She exposes the very minimal “consent” given by Henrietta Lacks for the removal of cells from her tumour (with no explanation about retention and research), and an al­most complete lack of information given to her family after her death. Impoverished African-Americans had good reason in the 1950s, as we know now, to fear that some medical scientists at the time were prepared to use them as unwitting medical guinea-pigs, even for life-threatening experiments.

I have been involved in the ethical assessment of stem-cell lines for the past decade. There is never any question of knowing the identity of donors. Names are always blanked out on consent forms that I am shown. My job is to ensure that con­sent has been properly obtained, and that the research involved has the potential to bring real benefit to those with serious disabilities. Track­ing down donor families is pre­cluded, but also seems obnoxious.

For all her skills and concerns, I squirmed at times about some of Ms Skloot’s investigative methods. Hen­rietta Lacks’s daughter Deborah did not remember her mother, and ap­peared to be plagued by anxiety and even misplaced guilt. Yet Ms Skloot pursued her relent­lessly, before finally gaining her confidence.

The poor woman had pre­viously been tracked by other journalists, and even by a confidence trickster who had been imprisoned several times. Her son was in jail, and one of her brothers was deeply dis­turbed. Perhaps she should simply have been left alone. She died shortly before this book was published. Who knows what surviving mem­bers of her family think of the book, with its record of their various misdemean­ours? They did not choose to be genetically connected to the famous HeLa cell line.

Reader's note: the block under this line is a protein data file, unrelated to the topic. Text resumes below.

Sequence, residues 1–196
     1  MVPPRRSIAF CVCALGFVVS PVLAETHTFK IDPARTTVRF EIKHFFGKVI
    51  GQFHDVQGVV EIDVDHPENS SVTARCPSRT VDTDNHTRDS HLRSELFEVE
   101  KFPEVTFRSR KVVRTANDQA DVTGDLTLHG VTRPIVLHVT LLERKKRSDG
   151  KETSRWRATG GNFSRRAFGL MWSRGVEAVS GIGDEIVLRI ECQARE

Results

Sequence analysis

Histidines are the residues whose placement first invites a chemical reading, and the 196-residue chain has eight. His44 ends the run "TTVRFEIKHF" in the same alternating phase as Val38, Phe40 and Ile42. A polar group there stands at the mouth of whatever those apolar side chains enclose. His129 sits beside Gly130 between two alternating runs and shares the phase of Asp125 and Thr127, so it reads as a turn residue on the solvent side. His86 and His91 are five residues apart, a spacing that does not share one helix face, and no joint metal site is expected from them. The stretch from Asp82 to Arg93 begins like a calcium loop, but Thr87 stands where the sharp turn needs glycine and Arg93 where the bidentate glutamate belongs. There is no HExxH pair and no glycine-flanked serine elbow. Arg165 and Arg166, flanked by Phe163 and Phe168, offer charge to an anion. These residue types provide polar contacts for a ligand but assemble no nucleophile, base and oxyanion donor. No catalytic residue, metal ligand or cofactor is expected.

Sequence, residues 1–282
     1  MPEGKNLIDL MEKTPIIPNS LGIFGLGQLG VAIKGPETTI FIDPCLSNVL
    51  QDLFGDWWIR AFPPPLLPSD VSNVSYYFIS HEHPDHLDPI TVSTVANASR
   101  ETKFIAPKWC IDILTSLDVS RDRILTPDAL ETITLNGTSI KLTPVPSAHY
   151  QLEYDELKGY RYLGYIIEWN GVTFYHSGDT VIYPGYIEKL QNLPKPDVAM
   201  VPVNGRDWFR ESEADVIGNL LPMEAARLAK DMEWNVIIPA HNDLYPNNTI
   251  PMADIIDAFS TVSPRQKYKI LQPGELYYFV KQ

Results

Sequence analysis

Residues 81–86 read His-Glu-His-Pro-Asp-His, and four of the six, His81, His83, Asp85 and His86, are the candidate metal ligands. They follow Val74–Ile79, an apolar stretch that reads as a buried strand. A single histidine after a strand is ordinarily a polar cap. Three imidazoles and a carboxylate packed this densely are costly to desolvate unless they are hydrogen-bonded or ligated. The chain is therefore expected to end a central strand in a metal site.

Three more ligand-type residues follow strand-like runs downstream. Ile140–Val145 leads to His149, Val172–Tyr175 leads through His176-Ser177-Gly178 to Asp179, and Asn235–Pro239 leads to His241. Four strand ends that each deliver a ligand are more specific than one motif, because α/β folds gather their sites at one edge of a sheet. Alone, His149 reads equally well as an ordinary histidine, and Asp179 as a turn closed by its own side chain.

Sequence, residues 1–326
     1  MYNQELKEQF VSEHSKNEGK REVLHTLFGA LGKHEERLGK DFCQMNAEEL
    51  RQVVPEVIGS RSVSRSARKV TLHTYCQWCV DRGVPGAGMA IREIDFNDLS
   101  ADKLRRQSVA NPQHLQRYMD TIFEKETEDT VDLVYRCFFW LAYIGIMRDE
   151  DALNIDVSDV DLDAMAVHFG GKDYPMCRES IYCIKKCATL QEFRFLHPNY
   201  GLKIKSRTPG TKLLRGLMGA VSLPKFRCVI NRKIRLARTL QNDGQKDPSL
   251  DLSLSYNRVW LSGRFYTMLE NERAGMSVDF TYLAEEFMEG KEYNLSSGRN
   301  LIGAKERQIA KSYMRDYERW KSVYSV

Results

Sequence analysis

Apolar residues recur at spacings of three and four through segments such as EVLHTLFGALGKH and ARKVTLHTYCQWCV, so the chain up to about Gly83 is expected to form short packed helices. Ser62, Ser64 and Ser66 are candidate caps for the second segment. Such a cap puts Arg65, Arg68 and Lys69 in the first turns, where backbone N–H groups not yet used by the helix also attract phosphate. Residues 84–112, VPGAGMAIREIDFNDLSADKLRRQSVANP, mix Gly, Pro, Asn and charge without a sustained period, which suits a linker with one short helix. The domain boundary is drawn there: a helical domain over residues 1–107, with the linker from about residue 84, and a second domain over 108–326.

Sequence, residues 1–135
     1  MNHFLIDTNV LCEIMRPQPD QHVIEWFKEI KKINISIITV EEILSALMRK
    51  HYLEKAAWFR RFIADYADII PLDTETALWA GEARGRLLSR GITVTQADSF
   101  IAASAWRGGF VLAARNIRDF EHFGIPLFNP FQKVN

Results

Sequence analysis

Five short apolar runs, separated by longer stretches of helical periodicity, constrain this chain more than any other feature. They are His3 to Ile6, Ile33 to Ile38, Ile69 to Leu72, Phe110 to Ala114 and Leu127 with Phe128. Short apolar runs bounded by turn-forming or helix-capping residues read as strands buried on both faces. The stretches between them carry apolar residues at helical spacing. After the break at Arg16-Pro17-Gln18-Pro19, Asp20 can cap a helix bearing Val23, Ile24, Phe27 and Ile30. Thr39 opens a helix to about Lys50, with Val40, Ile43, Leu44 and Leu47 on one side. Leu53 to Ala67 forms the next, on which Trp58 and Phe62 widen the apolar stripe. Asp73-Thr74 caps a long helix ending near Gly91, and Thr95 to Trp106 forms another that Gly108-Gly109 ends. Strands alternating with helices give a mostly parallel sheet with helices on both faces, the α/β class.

This lively book could well be used by parish study-groups to debate some vital ethical questions. Should we really be allowed to intrude into the lives of the powerless in this way? How did scientists in the recent past imagine that patient consent was a matter of such little concern? Should patients or their families be able to benefit financially from pharmaceutical pro­ducts derived from their tissue? Does the common good outweigh the scruples of individuals?

The poor woman had pre­viously been tracked by other journalists, and even by a confidence trickster who had been imprisoned several times. Her son was in jail, and one of her brothers was deeply dis­turbed. Perhaps she should simply have been left alone. She died shortly before this book was published. Who knows what surviving mem­bers of her family think of the book, with its record of their various misdemean­ours? They did not choose to be genetically connected to the famous HeLa cell line.

This lively book could well be used by parish study-groups to debate some vital ethical questions. Should we really be allowed to intrude into the lives of the powerless in this way? How did scientists in the recent past imagine that patient consent was a matter of such little concern? Should patients or their families be able to benefit financially from pharmaceutical pro­ducts derived from their tissue? Does the common good outweigh the scruples of individuals?